Editor’s note: This is the first of a two-part story about the life of North Kenai’s George Coe Dudley, whose funeral more than 40 years ago became the stuff of local legend. Part one examines Dudley’s early life. Next week’s story will focus on his later years and the funeral itself.
By Clark Fair
One of the highlights of Rusty Lancashire’s re-telling of George Dudley’s 1967 muddy, drunken mess of a funeral involved the moment that one of the attendees fell into the open grave.
Lancashire, who lived in the Ridgeway area for more than 50 years, took such delight in the story that she told it repeatedly, and many longtime residents across the central Kenai Peninsula still remember hearing the tale.
One of those listeners was Peggy Arness, who still chuckles at the memory of Lancashire’s narration.
“Rusty’s rendition of it was hysterical,” said Arness, who, along with her husband, Jim, once employed Dudley as a longshoreman at their Nikiski dock.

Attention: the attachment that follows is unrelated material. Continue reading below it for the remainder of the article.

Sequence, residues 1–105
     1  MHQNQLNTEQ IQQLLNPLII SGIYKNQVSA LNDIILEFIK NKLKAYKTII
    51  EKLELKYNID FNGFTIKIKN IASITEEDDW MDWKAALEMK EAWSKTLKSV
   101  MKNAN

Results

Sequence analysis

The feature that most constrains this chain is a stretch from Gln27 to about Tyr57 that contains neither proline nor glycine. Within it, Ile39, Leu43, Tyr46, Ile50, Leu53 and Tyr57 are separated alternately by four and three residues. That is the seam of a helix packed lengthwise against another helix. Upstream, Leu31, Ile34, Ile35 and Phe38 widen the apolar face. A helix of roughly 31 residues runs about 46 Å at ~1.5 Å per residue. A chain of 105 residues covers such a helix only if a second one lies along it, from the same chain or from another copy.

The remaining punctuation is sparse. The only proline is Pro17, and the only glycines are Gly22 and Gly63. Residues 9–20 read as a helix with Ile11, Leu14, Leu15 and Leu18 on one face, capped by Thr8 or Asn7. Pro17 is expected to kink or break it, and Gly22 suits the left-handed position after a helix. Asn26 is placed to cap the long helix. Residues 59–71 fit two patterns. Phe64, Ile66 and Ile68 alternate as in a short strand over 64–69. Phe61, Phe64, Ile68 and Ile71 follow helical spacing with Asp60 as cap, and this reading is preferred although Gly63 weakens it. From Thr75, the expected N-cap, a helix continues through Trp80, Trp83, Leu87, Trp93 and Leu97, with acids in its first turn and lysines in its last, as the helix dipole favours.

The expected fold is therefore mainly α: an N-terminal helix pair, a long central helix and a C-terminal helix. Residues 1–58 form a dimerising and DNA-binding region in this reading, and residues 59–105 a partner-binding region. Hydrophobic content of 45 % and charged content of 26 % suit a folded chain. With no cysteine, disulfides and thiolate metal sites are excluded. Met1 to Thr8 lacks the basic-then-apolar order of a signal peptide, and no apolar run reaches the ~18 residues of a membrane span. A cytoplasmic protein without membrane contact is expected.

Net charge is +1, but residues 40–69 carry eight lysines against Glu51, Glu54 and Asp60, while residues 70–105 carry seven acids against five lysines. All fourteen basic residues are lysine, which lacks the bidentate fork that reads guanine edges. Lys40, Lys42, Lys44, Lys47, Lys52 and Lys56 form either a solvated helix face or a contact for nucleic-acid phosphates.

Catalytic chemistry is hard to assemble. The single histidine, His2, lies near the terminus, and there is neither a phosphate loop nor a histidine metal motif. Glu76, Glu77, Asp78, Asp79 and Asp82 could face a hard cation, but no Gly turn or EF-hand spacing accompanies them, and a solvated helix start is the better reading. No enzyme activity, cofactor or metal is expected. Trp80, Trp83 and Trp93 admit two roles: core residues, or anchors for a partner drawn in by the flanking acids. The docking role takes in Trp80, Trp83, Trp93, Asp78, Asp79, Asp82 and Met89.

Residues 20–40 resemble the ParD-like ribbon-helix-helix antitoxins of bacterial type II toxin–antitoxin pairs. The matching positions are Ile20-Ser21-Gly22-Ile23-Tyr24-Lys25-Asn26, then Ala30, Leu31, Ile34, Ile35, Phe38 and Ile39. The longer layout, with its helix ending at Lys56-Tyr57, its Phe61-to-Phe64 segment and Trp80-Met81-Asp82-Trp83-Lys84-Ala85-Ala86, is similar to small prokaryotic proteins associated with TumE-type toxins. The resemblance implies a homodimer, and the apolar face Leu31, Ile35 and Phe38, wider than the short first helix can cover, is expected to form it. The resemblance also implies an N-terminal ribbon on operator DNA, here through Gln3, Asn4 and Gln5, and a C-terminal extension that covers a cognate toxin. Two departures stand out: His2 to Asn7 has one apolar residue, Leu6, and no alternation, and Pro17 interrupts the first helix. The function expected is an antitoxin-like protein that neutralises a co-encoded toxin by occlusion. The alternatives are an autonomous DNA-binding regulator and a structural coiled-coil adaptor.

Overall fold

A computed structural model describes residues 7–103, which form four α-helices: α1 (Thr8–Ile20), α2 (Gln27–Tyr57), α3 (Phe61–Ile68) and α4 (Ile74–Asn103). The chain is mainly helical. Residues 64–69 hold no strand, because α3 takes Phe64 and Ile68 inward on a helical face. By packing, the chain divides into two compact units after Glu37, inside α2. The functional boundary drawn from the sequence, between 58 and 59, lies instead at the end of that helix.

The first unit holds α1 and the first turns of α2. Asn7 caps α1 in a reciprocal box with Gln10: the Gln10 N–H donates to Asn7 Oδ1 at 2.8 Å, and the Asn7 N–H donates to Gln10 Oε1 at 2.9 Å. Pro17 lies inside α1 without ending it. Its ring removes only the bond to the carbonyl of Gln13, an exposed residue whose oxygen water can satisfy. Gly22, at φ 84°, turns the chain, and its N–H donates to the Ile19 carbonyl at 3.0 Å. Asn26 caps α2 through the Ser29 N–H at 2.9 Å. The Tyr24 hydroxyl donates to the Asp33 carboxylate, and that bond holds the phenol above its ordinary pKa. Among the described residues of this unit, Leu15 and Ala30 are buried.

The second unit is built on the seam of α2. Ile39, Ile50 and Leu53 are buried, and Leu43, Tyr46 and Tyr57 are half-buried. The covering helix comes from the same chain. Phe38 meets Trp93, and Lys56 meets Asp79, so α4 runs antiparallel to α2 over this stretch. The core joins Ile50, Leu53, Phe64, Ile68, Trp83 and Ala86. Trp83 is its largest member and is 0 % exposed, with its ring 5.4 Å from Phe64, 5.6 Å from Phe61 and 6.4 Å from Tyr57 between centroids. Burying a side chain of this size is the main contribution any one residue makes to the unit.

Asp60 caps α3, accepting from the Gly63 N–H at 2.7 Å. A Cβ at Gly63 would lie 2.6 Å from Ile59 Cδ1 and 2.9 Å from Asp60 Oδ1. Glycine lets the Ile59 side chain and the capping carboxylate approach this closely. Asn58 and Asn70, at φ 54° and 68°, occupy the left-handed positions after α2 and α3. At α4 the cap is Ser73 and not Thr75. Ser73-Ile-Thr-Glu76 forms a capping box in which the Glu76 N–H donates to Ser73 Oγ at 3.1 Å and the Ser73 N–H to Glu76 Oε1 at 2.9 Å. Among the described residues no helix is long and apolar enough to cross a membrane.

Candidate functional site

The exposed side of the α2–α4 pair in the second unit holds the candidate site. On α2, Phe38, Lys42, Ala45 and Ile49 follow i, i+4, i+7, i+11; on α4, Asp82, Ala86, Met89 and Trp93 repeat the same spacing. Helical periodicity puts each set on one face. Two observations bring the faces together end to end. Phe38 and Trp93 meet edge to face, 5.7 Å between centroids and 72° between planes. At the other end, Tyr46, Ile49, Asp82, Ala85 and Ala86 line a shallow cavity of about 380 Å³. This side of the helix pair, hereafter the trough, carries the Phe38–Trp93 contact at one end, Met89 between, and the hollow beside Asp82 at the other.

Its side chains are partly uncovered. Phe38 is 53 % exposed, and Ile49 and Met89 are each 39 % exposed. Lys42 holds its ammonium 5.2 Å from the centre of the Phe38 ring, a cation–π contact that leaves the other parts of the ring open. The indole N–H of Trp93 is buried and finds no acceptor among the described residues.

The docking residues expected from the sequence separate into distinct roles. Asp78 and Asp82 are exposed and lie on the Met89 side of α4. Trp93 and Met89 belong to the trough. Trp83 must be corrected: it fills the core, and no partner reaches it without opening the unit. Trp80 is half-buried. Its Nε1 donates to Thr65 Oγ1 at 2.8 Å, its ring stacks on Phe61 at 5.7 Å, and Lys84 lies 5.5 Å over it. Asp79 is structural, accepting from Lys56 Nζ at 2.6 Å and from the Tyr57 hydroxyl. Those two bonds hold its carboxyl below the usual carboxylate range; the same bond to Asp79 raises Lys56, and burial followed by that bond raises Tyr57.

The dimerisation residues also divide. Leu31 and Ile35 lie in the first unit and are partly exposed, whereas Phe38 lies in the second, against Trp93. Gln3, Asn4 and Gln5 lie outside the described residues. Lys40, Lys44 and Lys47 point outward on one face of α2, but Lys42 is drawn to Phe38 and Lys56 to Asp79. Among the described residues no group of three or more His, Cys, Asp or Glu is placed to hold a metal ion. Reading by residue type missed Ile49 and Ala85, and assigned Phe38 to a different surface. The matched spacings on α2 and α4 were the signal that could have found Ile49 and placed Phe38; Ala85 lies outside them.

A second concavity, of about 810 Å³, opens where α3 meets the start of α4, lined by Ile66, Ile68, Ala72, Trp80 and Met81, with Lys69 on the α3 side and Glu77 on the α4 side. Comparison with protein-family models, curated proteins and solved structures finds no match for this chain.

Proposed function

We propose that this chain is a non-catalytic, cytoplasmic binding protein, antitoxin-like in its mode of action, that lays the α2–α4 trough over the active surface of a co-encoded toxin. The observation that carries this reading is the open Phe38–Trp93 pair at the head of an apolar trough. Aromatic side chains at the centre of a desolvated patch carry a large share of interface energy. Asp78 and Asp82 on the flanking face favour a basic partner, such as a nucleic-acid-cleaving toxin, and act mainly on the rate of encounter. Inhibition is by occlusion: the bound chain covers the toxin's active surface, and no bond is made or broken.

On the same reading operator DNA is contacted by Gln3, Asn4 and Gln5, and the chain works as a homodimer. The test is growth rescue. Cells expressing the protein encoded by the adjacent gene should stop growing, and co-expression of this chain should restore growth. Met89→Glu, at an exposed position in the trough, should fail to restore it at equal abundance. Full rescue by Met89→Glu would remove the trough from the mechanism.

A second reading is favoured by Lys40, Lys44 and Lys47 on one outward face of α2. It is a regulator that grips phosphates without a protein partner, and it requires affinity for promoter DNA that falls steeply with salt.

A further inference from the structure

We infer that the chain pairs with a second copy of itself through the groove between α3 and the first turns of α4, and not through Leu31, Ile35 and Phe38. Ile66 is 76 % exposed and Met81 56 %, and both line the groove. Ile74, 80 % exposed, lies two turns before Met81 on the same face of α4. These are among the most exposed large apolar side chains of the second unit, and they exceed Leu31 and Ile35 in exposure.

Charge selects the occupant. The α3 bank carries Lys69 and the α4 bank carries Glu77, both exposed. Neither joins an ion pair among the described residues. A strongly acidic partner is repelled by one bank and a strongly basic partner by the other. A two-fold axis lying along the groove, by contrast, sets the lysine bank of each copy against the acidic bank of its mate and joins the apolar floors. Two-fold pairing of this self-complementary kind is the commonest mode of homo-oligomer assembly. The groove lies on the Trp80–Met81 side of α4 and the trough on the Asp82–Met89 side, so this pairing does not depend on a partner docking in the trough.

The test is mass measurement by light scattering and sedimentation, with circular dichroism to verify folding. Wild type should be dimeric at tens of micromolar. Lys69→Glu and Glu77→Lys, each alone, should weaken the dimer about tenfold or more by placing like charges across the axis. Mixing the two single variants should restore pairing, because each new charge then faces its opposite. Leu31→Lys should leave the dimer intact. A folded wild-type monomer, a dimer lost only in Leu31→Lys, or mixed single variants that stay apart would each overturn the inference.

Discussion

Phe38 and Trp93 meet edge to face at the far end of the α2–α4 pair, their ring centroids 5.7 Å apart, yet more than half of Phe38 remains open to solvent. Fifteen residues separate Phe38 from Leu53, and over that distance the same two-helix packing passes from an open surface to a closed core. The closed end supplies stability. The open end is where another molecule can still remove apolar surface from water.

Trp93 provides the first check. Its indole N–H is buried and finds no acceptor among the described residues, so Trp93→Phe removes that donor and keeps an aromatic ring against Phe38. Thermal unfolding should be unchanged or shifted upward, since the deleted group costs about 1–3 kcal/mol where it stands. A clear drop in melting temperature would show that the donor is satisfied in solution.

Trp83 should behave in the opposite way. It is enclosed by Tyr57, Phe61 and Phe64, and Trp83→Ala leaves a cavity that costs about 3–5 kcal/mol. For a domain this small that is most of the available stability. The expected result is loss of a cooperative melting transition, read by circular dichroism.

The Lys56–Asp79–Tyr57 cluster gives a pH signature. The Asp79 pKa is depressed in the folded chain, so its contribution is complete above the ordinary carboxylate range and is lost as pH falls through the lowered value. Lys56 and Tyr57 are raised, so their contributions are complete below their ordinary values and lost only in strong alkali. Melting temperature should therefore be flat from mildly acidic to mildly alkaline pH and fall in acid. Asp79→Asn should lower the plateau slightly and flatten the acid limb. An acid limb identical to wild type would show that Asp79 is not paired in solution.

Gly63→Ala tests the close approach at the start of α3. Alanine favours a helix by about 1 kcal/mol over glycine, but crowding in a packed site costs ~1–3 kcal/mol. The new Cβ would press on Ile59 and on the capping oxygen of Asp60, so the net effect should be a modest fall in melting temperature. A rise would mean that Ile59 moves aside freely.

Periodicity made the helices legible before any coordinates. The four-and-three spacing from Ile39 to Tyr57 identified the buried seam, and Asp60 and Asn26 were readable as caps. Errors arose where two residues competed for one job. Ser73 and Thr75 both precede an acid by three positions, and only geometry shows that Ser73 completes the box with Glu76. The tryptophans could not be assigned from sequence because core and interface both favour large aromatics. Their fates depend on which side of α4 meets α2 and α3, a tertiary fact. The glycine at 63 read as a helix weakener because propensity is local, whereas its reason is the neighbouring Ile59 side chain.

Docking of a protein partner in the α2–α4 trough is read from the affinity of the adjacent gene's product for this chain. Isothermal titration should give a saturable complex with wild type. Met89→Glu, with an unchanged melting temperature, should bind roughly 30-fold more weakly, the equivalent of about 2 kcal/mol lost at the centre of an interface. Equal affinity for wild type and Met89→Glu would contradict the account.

Another person who heard Lancashire tell the story was Soldotna’s Al Hershberger, who first met Dudley in about 1950 and remembers much of Dudley’s early history.
“Ah yes, George Dudley, an unforgettable character,” said Hershberger. “Dudley was an easygoing, laid-back sort of guy, always laughing and joking, as well as hard drinking.”
But there may be only one person still living who was an actual eye witness to the funeral, and that is Hedley “Hank” Parsons, who was a laborer on the central peninsula for more than 30 years before moving back to his home state of New Hampshire in 1984.
“I was working for Morrison-Knudsen at the time on the White Alice project,” Parsons recalled. “We’d take a trip or two into Kenai about every day for something, and I guess the funeral was kind of news, and so I swung in and visited.”